Tag Archives: Daniel Patterson

Alfred’s Steakhouse — Where Old-World Meets New World

Flames tableside at the landmark Alfred's in San Francisco.

Flames tableside at the landmark Alfred’s in San Francisco.


Walking into Alfred’s Steakhouse in San Francisco is like stepping back into another era.

To a time when dining rooms weren’t cloaked in reclaimed wood and Edison lights, but in crimson walls, sparkling chandeliers and oxblood-hued, tufted leather booths; when cell phones didn’t exist (as there actually isn’t cell service available there now); and when people actually dressed for dinner (save for the table of tourists decked out in shorts that night, not realizing summer in isn’t all that in San Francisco).

The venerable restaurant, which opened in 1928, still exudes classic bygone mores, and that’s a testament to Chef Daniel Patterson, whose Alta Group took it over in 2015. He spiffed it up, but wisely kept the cherished old-school atmosphere.

It’s a place you walk into thinking: They don’t make ’em like this anymore. And thank goodness it’s still around.

Located on a side street in the Financial District on the edge of Chinatown and North Beach.

Located on a side street in the Financial District on the edge of Chinatown and North Beach.

The old-world dining room.

The old-world dining room.

At least that’s what I felt when I visited recently as a guest of the restaurant. Even though I’m a native San Franciscan, I’m embarrassed to admit this was my first time at the restaurant.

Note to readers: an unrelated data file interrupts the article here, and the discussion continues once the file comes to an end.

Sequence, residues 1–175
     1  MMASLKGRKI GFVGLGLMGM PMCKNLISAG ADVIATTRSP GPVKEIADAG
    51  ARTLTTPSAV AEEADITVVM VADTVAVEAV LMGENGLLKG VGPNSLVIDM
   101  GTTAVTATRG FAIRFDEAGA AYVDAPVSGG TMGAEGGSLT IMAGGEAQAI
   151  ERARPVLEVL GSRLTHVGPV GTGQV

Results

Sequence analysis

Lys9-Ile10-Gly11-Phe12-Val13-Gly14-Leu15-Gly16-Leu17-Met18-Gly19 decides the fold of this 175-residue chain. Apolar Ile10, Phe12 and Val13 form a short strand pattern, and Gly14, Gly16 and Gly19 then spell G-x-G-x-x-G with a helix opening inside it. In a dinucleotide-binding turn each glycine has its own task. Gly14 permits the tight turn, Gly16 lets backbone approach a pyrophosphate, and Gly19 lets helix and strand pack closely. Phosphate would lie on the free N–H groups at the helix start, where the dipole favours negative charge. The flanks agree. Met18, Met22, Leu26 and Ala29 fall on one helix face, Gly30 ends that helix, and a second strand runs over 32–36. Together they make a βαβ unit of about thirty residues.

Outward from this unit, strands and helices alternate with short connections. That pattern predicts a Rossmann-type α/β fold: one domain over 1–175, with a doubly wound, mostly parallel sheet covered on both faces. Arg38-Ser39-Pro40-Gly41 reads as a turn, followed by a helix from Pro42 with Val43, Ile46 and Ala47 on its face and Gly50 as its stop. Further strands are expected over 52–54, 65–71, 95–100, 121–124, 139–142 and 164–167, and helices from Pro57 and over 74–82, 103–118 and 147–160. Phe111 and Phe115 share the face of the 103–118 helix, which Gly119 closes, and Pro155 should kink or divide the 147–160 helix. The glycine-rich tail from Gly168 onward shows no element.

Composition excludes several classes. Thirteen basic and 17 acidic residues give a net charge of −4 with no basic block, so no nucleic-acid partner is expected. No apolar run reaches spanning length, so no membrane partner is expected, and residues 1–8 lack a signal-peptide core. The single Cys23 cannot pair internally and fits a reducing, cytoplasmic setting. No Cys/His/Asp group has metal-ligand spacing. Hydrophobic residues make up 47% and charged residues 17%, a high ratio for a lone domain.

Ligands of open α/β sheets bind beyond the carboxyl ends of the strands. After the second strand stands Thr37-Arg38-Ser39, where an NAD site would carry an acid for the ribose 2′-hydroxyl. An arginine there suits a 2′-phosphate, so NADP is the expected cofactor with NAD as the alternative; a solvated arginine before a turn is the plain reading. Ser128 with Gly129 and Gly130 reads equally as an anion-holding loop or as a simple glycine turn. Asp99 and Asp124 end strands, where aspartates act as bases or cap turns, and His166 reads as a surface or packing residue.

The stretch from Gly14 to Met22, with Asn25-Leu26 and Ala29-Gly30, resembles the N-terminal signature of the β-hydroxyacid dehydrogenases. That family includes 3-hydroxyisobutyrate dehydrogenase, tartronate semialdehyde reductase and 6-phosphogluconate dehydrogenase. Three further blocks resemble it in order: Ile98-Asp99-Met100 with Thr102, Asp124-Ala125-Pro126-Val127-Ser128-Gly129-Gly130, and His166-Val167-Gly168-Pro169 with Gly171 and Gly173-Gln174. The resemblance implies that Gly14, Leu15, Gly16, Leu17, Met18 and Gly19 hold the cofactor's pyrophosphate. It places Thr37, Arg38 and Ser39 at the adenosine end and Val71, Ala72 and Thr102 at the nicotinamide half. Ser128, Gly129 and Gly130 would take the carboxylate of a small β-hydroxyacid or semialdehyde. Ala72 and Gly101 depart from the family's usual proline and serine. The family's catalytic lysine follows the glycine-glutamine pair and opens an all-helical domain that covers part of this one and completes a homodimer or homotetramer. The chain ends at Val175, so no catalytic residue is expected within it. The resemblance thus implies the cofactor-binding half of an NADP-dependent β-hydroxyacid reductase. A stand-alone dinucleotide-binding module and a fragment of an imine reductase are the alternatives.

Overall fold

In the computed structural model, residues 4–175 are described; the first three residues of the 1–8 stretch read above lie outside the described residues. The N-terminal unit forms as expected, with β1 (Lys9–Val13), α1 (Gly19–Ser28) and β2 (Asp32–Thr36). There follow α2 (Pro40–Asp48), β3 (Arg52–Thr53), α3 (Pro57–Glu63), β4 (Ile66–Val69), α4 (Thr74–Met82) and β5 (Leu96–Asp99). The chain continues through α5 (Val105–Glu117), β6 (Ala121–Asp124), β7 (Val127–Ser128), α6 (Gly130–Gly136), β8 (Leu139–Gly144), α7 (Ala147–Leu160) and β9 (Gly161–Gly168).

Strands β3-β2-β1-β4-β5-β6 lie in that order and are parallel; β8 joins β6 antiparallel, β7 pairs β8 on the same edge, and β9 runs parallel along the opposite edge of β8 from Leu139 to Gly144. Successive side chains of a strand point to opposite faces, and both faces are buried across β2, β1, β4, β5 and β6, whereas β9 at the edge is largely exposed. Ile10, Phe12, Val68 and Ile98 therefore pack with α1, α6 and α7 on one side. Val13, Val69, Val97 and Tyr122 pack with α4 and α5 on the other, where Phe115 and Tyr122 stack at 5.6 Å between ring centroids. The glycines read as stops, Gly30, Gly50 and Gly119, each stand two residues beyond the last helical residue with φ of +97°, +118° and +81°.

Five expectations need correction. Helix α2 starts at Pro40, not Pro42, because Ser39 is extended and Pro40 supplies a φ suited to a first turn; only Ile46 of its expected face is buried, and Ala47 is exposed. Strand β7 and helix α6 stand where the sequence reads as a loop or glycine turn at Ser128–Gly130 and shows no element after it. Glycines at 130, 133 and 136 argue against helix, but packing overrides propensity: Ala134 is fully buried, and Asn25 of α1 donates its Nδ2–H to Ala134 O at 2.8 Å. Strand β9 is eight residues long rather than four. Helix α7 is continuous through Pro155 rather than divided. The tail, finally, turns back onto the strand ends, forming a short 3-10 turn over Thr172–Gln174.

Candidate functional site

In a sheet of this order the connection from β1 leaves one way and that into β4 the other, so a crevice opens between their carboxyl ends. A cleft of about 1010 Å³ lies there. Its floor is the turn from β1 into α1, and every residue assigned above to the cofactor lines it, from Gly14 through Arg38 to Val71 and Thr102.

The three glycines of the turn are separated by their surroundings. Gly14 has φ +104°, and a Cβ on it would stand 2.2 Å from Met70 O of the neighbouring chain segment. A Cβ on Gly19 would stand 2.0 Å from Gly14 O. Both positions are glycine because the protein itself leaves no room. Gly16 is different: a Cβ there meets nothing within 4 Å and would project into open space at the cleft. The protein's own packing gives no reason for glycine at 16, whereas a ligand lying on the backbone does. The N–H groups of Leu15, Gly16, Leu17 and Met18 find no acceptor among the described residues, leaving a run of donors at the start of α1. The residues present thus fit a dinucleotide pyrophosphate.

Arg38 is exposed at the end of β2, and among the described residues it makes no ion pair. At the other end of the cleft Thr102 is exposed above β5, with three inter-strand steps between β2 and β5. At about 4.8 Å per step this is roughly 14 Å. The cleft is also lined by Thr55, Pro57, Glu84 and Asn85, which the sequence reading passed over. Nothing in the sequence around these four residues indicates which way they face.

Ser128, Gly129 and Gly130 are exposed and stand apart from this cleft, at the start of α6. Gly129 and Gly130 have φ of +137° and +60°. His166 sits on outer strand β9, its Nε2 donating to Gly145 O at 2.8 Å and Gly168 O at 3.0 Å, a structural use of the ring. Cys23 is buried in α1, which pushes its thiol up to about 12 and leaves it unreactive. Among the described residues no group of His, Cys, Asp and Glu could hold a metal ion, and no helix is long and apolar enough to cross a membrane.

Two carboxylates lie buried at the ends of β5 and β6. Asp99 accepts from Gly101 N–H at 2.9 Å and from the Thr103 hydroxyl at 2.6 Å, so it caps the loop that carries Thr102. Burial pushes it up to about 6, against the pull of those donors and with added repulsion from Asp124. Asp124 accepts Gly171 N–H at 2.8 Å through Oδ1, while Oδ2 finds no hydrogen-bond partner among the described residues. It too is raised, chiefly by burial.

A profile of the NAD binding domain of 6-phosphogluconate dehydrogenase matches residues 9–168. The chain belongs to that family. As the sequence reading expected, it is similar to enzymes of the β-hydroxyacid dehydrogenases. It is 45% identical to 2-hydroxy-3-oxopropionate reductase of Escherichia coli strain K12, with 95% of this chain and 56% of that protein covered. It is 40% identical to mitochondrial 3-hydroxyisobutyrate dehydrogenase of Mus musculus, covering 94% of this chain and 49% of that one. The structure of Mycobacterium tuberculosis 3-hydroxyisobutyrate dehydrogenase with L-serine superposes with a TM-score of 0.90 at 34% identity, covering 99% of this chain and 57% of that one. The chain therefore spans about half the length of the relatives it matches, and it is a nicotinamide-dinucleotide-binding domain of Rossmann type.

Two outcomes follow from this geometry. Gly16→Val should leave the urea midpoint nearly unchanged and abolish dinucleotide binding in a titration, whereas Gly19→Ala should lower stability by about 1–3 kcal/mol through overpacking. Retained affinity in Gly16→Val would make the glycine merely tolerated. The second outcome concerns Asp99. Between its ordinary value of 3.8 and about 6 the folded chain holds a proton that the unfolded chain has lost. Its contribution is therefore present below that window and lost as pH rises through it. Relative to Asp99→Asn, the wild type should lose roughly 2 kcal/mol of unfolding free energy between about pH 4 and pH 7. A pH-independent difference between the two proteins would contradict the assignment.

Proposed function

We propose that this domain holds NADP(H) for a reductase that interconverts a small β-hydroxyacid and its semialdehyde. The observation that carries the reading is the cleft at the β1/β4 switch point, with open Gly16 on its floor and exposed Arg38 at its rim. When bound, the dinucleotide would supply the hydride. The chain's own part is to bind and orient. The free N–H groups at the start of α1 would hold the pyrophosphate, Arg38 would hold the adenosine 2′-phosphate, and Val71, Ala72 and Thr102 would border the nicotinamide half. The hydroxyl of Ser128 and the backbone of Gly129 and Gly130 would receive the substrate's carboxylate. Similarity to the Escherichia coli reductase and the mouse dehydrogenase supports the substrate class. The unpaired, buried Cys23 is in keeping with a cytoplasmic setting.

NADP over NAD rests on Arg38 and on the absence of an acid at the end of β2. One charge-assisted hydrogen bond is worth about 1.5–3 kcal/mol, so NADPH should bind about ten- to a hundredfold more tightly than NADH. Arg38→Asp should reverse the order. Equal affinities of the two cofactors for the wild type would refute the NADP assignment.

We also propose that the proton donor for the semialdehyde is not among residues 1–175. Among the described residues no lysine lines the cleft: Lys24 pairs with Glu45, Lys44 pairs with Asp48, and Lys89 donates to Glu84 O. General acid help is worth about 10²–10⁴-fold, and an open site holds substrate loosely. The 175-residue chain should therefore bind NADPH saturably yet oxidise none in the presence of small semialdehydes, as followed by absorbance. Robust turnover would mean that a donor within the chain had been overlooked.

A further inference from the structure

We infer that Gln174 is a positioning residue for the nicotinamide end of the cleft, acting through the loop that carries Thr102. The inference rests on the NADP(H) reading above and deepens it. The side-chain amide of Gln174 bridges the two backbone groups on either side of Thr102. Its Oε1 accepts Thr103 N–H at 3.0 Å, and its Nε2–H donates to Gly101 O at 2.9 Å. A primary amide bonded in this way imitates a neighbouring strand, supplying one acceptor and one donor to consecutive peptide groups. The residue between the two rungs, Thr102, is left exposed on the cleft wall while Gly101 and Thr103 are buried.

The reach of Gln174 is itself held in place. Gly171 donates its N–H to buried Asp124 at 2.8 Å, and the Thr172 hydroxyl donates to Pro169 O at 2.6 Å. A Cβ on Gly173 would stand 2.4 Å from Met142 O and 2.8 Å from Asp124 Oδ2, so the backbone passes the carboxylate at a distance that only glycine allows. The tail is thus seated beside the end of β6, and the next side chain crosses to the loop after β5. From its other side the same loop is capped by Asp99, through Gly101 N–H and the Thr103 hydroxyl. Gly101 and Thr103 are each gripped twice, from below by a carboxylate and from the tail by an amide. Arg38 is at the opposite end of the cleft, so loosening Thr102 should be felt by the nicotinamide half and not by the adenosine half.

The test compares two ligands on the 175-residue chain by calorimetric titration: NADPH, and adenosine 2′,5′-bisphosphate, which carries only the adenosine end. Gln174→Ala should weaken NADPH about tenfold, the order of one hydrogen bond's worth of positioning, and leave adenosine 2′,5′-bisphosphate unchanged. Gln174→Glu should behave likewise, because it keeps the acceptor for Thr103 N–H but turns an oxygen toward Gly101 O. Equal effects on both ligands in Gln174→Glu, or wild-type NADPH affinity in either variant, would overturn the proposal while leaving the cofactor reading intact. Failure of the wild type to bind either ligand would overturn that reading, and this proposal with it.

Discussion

As we slid into the roomy booth in the old worldly elegant dining room, my husband, who normally orders a glass of wine or a beer at dinner, declared out of the blue, “I’m having a martini!”

Because these surroundings just inspire a thirst for that.

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Magnus Nilsson — The Chef of the Moment

Oysters brought to the table on smoldering redwood branches at Coi in San Francisco, similar to the signature dish of scallops on smoky juniper branches at Faviken in Sweden.

The latest culinary rock star appropriately enough sports a mane of long blond hair, a scruffy beard, a too-cool aura and a laid-back cerebral nature.

If Rene Redzepi put Danish cooking on the map when his Noma restaurant in Copenhagen was named San Pelligrino’s “Best Restaurant” in the world for three years running, then Swedish sensation Magnus Nilsson of Fäviken Magasinet has only solidified the fact that Nordic cuisine’s moment has arrived with a wallop.

Nilsson, who previously cooked at three-Michelin starred L’Astrance in Paris and is a trained sommelier, took over Fäviken Magasinet in a remote, rural part of Sweden four years ago. The rather improbable restaurant is located in an isolated 24,000-acre hunting estate. Like Redzepi, Nilsson is all about cooking only with local ingredients. That may be fine in temperate California. It’s a whole ‘nother thing in the wilderness of northwestern Sweden, where the winters are beyond brutal.

Even so, Nilsson, who’s not yet 30 years old, has managed to turn this tiny, isolated 12-seat restaurant into not only one of the Top 50 in the world, but the most talked-about sensation these days in the culinary stratosphere.

Swedish sensation Magnus Nilsson cooks with Daniel Patterson of Coi.

With the launch of his first cookbook, “Fäviken” (Phaidon), he’s been bringing a taste of his innovative cuisine to the United States, including to Coi in San Francisco, where he cooked an extraordinary dinner with Chef-Proprietor Daniel Patterson on Saturday, to which I was fortunate to be invited as a guest.

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